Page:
Tuesday, March 10, 2015

Not in Your Dream Job? Write Your Own Unique Job Posting

By Nicolette Johnson
Associate Director of Graduate Career Services
I’m an “idea” person who frequently thinks about ideals - those perfect situations where optimism and imagination reign supreme. And for me, being idealistic provides the perfect landscape for dreaming big about my career.

One of the best ways I envision the type of work that I want to do is to create my own unique job posting, which helps me to clearly articulate what my ideal role is, so that I can go after it.

Whether you are starting a new career, searching for a new position, or feel like where you are now is not exactly where you want to be, I suggest that you create your own job posting.

To get started, find a quiet place, perhaps with your favorite beverage --- whether it’s a cup ‘o joe, a glass of wine, or whatever works for you. You’ll need to get into a mental space where ideas flow and inhibitions are low.

Then, write your unique job posting, focusing on your ideal position. The key here is “ideal,” not “what they’ll hire me for.” Life is short. Go for the big one. No regrets.

Break your job posting down into four sections:


Every job posting has a title, a small assemblage of words that quickly gives a glimpse of what the position is all about. Organizations use a variety of titles, from traditional ones that signify status or hierarchy to titles that give little indication of where the person fits within the organization.

Pick a title that sums up your ideal role. Feel free to be creative here. This is your title. Chief Merrymaker? Big Brand Builder? Don’t hold back. Go with it.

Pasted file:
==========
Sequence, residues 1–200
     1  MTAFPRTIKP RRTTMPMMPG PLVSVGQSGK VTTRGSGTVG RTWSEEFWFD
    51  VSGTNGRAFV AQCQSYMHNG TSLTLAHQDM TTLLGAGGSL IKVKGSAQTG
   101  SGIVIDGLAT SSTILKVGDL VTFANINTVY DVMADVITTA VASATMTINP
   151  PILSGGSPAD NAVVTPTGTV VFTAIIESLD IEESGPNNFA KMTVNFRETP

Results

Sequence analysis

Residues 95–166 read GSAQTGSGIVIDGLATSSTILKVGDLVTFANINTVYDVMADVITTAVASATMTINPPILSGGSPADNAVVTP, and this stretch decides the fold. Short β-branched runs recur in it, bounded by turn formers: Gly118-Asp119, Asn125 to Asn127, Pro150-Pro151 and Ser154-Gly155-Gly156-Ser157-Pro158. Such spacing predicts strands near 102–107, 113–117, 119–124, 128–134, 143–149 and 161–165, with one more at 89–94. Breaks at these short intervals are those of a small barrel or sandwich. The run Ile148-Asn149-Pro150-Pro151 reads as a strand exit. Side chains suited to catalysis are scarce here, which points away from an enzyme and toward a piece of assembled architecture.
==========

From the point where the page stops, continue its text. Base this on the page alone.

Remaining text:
In this portion of the job posting, outline what type of day-to-day work you want to do. What does the work look like? (Think about what you like to do and what you don’t like doing to help you refine your duties.) How much time do you want to spend within each area of responsibility? Do you lead people? If so, how many? Does the position naturally set you up for promotion into another position? If so, which position? Is travel required?

Work Environment

Picture yourself in your ideal work environment. What does your ideal workplace look like? Are you in an energetic environment or a quiet one? Is it collaborative or independent? Do you work from home? What types of co-workers do you interact with? Do you own your own business? Are you in the field or at corporate headquarters?


After you have determined what your ideal job looks like, outline what qualifications you’ll need to obtain the position. What level of education is expected? How much work experience is necessary? What special skills and knowledge are important?

By completing this section, you’ll have a clear idea of what skills you already have as well as some additional skills you’ll want to build to be best positioned for the career of your dreams.

After you complete your posting, read it. Does it bring a smile to your face? A sense of contentment and peace? If not, you haven’t quite created your ideal job description. Take another stab at it. Your ideal job posting should get you excited and bring a warm sense of “aha.”

Now it’s time to take action. Plot your plan to find or create the job that fits your posting. How closely your future work life mirrors the posting will determine your satisfaction level, and more importantly, how close you are to your calling.

Nicolette Johnson is the Associate Director of Graduate Career Services at the Kelley School of Business. Nicolette and her team meet and coach hundreds of students, alumni, and corporate partners on tried and true recruiting methods, interviewing tactics, and career management strategies, while staying in tune to how these areas are changing and evolving. Email Nicolette at nimjohn@indiana.edu.

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